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1.
Chem Rev ; 119(12): 7610-7672, 2019 06 26.
Artigo em Inglês | MEDLINE | ID: mdl-31117420

RESUMO

To date, copper is the only heterogeneous catalyst that has shown a propensity to produce valuable hydrocarbons and alcohols, such as ethylene and ethanol, from electrochemical CO2 reduction (CO2R). There are variety of factors that impact CO2R activity and selectivity, including the catalyst surface structure, morphology, composition, the choice of electrolyte ions and pH, and the electrochemical cell design. Many of these factors are often intertwined, which can complicate catalyst discovery and design efforts. Here we take a broad and historical view of these different aspects and their complex interplay in CO2R catalysis on Cu, with the purpose of providing new insights, critical evaluations, and guidance to the field with regard to research directions and best practices. First, we describe the various experimental probes and complementary theoretical methods that have been used to discern the mechanisms by which products are formed, and next we present our current understanding of the complex reaction networks for CO2R on Cu. We then analyze two key methods that have been used in attempts to alter the activity and selectivity of Cu: nanostructuring and the formation of bimetallic electrodes. Finally, we offer some perspectives on the future outlook for electrochemical CO2R.

2.
Langmuir ; 33(37): 9464-9471, 2017 09 19.
Artigo em Inglês | MEDLINE | ID: mdl-28691827

RESUMO

We have studied the influence of low concentrations (0.1 M) of the ionic liquid 1-ethyl-3-methylimidazolium chloride ([EMIM]Cl) on suppressing the hydrogen evolution reaction (HER) using polycrystalline Ag, Cu, and Fe electrodes in aqueous acidic and basic media. HER suppression is generally desired when aiming to catalyze other reactions of interests, e.g., CO2 electro-reduction. Cyclic voltammetry and chronoamperometry measurements were performed at potentials between -0.2 and -0.8 V versus the reversible hydrogen electrode (RHE) to investigate HER activity in a simulated CO2 electrolysis environment without the CO2. In an acidic electrolyte, a decrease in HER activity was observed for all three electrodes with the largest effect being that of Fe, where the HER activity was suppressed by 75% at -0.5 V versus RHE. In contrast to the effect of [EMIM]Cl in an acidic electrolyte, no HER suppression was observed in basic media. Using 1H nuclear magnetic resonance spectroscopy on the electrolyte before and after electrolysis, it was determined that [EMIM]Cl breaks down at both the working and counter electrodes under reaction conditions under both acidic and basic conditions. These results underscore the challenges in employing ionic liquids for electrochemical reactions such as CO2 reduction.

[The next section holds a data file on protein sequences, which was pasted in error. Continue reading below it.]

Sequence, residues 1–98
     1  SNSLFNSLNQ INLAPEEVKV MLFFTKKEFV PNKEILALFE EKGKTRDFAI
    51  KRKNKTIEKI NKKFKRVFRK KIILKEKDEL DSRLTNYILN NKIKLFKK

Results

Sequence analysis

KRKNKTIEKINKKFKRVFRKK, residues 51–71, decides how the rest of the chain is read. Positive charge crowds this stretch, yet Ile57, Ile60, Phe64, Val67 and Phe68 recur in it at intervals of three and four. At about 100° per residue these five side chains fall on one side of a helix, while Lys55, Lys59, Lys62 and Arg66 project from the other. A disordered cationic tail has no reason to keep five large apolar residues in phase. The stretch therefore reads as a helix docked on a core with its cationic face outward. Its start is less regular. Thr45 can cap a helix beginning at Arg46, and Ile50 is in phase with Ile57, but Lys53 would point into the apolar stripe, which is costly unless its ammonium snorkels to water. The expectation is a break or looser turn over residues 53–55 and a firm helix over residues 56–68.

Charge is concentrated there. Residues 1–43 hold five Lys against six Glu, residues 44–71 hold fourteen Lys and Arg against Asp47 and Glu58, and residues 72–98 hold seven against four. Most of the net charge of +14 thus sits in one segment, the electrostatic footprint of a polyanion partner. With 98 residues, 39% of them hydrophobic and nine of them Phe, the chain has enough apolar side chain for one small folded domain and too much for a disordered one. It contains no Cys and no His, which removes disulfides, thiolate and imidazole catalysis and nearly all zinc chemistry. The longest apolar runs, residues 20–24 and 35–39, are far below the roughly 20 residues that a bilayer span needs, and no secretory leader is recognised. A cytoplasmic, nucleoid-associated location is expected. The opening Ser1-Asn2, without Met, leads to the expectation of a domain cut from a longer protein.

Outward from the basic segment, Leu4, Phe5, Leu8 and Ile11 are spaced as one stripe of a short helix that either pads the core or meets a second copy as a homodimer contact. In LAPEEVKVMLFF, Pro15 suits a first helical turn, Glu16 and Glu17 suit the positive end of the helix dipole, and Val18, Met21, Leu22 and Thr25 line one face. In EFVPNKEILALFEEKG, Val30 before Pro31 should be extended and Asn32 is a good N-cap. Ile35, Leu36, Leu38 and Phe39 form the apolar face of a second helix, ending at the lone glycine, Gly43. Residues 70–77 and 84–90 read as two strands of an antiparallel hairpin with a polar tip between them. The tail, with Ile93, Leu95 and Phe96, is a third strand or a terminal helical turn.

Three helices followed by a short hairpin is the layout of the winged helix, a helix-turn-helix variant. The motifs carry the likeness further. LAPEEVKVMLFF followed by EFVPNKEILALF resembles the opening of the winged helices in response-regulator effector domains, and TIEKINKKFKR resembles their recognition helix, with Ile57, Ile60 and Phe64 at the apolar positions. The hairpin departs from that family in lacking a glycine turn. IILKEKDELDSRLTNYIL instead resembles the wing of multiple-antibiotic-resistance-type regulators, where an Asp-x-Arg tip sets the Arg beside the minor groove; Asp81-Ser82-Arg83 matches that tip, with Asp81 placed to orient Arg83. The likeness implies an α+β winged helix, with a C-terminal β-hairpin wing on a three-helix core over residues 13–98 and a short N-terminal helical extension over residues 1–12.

3.
Proc Natl Acad Sci U S A ; 114(23): 5918-5923, 2017 06 06.
Artigo em Inglês | MEDLINE | ID: mdl-28533377

RESUMO

In this study we control the surface structure of Cu thin-film catalysts to probe the relationship between active sites and catalytic activity for the electroreduction of CO2 to fuels and chemicals. Here, we report physical vapor deposition of Cu thin films on large-format (∼6 cm2) single-crystal substrates, and confirm epitaxial growth in the <100>, <111>, and <751> orientations using X-ray pole figures. To understand the relationship between the bulk and surface structures, in situ electrochemical scanning tunneling microscopy was conducted on Cu(100), (111), and (751) thin films. The studies revealed that Cu(100) and (111) have surface adlattices that are identical to the bulk structure, and that Cu(751) has a heterogeneous kinked surface with (110) terraces that is closely related to the bulk structure. Electrochemical CO2 reduction testing showed that whereas both Cu(100) and (751) thin films are more active and selective for C-C coupling than Cu(111), Cu(751) is the most selective for >2e- oxygenate formation at low overpotentials. Our results demonstrate that epitaxy can be used to grow single-crystal analogous materials as large-format electrodes that provide insights on controlling electrocatalytic activity and selectivity for this reaction.

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